I'm listening to a survival podcast with Paul where he talks about the 14 or so ways that plants get water. He mentions planting a carrot next to an oak tree and the oak tree bringing up the water that the carrot needs.
Here, in South Carolina, it is generally understood that you can't grow anything under live oaks because they take up all of the nutrients in the area. Now with permaculture I am to understand that it is the opposite - the tree brings up nutrients that other plants can use.
In theory then, the live oak should be bringing up massive amounts of nutrients and water due to the massive nature of the tree.
I have observed that there is generally nothing growing under any live oaks. Is this because the right stuff hasn't been planted? Is it because a live oak is an exception?
Location: Currently in Lake Stevens, WA. Home in Spokane
posted 8 years ago
My experience with the California Live Oak is that it does not let much sunlight under it. The ground under many of ours was very compacted (a century of nothing growing under them causes the rains to wash away top soil, plus compact what remains). Our cars were also parked under them in summers for the shade (none of us had A/C).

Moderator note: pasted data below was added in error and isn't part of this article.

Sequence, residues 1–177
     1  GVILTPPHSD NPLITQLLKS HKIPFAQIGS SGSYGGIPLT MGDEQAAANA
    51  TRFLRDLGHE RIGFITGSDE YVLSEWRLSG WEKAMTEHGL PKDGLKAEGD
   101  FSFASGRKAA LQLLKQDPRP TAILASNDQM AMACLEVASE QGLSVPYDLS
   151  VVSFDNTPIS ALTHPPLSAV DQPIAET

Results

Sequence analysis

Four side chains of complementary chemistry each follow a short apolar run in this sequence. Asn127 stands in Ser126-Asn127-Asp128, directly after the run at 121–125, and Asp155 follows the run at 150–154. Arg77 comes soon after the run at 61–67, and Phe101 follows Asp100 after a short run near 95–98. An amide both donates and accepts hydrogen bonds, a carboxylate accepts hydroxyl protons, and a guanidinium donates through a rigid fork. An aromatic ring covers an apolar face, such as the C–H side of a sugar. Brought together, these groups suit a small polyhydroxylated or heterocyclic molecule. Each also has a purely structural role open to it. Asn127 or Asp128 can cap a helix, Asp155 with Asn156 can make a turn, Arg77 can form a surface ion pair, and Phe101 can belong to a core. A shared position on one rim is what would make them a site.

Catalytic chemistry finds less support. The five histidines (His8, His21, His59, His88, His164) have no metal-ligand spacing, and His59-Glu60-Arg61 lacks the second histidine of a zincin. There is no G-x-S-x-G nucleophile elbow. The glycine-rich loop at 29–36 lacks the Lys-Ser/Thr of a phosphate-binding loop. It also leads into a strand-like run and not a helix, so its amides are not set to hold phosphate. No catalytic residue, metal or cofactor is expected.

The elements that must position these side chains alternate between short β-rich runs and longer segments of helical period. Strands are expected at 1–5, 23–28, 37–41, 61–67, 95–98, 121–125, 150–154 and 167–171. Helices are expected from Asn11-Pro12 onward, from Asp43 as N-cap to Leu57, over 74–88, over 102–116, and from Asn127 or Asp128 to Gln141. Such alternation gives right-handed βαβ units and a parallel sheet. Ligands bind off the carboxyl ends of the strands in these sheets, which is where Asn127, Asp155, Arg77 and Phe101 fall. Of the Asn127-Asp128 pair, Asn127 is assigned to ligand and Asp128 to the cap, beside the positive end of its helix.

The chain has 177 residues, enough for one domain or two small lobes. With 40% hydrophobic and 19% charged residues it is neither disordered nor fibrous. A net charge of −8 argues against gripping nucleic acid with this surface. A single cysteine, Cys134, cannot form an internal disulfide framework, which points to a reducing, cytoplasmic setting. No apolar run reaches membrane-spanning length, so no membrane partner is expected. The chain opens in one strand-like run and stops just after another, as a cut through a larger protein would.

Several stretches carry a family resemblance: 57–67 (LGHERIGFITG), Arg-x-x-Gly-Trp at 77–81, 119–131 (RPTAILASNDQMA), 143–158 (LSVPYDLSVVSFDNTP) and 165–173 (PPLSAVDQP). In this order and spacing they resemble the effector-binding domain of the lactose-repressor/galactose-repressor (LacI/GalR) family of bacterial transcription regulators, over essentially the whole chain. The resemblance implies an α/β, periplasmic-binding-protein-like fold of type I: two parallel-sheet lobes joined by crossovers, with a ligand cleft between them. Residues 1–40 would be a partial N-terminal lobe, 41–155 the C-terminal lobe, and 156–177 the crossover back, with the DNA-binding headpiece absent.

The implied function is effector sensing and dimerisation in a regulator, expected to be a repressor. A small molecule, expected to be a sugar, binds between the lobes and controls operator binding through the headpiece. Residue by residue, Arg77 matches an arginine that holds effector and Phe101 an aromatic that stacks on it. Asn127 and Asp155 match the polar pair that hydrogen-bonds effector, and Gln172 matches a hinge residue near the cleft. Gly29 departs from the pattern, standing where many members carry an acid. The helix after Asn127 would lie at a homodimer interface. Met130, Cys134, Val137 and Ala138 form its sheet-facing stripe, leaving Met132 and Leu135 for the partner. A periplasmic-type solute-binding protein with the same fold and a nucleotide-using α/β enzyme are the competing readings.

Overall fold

We did have several, closer to the creek, that had abundant native growth under them. My sister planted (I only know it by this name) Wandering Jew under one by the house, and within a few years, the WJ took over that part of the yard, and was expanding.
Oak leaves will make your soil more acidic than pine needles will. That will limit what does well under the mighty oak. We loved our oaks, and so did the fireplace!
That's the main problem with Live Oaks, they create very dense shade most of the year, so it's difficult for anything to grow under them that isn't shade tolerant. Most shade tolerant plants seem to prefer more water than is generally available under our oaks here.
My Grandmother used to grow her strawberries under the Live Oak trees. They got morning sun and then shade the rest of the day. They stood up well to those hot South Georgia summers where she lived, and were sweet, delicious and huge!
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